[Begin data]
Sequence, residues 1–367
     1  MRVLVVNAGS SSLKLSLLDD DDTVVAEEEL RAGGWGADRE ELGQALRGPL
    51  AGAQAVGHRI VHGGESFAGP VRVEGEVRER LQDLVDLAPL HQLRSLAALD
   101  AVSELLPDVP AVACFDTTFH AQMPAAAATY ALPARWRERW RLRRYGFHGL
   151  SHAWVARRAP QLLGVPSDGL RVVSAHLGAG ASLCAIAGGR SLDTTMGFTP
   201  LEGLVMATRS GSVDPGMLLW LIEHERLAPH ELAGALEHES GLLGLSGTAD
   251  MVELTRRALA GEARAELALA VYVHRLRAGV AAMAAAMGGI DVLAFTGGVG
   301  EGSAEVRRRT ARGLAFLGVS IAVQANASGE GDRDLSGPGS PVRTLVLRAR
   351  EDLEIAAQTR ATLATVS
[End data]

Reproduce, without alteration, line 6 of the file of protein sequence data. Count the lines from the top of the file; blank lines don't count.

   201  LEGLVMATRS GSVDPGMLLW LIEHERLAPH ELAGALEHES GLLGLSGTAD